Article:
Mercedes pick-up truck inches closer to reality
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Mercedes pick-up truck inches closer to reality

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Home Mercedes Benz GLE-Class Mercedes pick-up truck inches closer to reality

Mercedes pick-up truck inches closer to reality. Daimler CEO Dieter Zetsche himself has confirmed the brand’s plan to enter this segment by 2020.

“The Mercedes-Benz pickup will contribute nicely to our global growth targets,” Zetsche explains. “We will enter this segment with our distinctive brand identity and all of the vehicle attributes that are typical of the brand with regard to safety, comfort, powertrains, and value.”

Mercedes’ first-ever pick-up truck will be built by the firm’s commercial-van division. No decision has been made about the specific positioning of the model and the platform it will use. The only detail confirmed by Daimler officials concerns the payload capacity of the new pick-up truck, estimated at 1 metric ton. Considering that the Mercedes Citan is already a Renault Kangoo in disguise, it wouldn’t be too much of a strech of imagination to speculate that the pickup could share its genes with the current Nissan Navara.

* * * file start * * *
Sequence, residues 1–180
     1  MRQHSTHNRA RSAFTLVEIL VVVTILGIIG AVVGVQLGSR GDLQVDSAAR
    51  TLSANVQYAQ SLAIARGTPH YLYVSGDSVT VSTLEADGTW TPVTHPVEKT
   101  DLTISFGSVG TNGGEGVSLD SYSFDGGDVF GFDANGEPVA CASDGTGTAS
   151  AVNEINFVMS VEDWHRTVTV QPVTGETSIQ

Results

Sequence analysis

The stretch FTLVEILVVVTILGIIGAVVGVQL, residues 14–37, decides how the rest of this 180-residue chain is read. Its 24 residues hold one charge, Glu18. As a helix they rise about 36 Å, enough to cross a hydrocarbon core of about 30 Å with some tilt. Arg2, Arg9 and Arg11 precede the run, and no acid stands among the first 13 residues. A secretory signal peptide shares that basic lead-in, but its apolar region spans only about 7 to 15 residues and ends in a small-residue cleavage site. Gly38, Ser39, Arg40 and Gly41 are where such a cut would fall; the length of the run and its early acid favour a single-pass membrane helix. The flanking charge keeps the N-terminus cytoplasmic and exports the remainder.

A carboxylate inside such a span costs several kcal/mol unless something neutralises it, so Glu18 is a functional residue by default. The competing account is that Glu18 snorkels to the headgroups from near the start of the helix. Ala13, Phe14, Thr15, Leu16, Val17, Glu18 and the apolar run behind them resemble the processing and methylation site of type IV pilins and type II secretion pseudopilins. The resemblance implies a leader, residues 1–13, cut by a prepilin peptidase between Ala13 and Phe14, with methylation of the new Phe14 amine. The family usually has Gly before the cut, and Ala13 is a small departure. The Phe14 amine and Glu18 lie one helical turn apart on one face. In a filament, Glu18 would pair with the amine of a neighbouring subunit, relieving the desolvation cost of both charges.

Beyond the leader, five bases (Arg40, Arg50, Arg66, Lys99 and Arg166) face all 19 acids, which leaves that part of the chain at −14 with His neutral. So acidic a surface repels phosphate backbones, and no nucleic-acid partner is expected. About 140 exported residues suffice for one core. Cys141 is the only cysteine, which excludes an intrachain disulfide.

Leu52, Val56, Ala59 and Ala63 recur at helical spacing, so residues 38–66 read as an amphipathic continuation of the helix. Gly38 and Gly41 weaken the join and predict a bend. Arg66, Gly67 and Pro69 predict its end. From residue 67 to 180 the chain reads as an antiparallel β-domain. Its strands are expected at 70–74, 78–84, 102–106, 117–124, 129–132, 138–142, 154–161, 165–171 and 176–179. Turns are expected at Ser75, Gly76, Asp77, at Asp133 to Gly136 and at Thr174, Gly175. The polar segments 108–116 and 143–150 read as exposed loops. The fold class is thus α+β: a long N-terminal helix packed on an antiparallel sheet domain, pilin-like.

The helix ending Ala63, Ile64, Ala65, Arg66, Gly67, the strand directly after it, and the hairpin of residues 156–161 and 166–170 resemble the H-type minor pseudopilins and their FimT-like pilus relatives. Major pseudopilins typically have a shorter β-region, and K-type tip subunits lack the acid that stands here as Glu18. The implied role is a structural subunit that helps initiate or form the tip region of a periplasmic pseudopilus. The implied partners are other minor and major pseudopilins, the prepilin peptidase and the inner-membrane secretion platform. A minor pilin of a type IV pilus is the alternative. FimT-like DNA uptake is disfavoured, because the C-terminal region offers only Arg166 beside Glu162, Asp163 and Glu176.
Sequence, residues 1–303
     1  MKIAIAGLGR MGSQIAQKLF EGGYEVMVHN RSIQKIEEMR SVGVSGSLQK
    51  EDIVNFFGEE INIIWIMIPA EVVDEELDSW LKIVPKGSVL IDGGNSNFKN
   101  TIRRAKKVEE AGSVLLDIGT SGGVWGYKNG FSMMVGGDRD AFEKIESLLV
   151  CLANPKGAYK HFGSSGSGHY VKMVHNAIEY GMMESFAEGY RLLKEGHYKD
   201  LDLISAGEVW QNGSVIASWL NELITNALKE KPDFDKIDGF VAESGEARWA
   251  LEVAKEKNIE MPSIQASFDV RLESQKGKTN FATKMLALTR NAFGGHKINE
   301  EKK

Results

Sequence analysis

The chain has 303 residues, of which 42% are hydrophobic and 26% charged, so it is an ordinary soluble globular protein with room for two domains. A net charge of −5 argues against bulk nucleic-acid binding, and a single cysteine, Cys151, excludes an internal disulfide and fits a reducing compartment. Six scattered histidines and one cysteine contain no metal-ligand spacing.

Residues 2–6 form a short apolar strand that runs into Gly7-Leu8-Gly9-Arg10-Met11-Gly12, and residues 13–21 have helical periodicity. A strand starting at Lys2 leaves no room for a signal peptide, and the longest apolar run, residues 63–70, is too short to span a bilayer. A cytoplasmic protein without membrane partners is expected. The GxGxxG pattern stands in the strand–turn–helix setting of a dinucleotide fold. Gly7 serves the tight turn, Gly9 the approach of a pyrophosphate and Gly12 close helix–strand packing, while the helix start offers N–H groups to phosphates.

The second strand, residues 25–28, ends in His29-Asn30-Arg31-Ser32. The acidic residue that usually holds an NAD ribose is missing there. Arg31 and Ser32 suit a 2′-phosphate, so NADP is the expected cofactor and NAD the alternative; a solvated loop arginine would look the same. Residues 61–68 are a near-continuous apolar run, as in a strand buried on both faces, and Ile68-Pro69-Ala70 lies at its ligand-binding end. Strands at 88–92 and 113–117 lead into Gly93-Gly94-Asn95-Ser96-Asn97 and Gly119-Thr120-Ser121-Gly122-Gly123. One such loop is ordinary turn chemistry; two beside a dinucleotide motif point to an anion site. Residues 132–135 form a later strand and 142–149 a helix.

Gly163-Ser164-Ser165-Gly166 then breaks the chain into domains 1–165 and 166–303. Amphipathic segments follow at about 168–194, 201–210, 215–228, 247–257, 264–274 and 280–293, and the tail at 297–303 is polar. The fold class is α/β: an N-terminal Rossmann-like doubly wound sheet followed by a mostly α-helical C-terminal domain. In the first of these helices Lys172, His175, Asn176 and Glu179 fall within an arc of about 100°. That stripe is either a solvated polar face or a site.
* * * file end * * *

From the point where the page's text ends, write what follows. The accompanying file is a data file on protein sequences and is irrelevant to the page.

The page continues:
According to a Daimler spokeswoman, quoted by Automotive News, Mercedes hasn’t decided either if it will sell or not the vehicle on the American market. Of course, neglecting one of the biggest consumers of pick-ups wouldn’t be a wise move. Last year, three of the four top-selling cars in the U.S. were the Ford F-150, the Chevrolet Silverado and Ram 1500, all full-sized pick-up trucks.

Mercedes says the segment has been moving upmarket enough to allow its own model to prosper. Even Ford’s own bread-and-butter F-150 demands close to $50,000 in top guise. “A similar example was the successful introduction of the M class around 20 years ago. As the first sport utility vehicle (SUV) from a premium manufacturer, the M class completely redefined the segment”.

Breaking into the pick-up territory will also open new horizons for Mercedes-Benz in its fierce battle for the No. 1 spot in luxury car sales with traditional rivals BMW and Audi, both unlikely to follow Mercedes example and launch their own pick-up truck any time soon.

Currently, Mercedes occupies the third spot but plans to overtake both Audi and market leader BMW in sales by the end of the decade.

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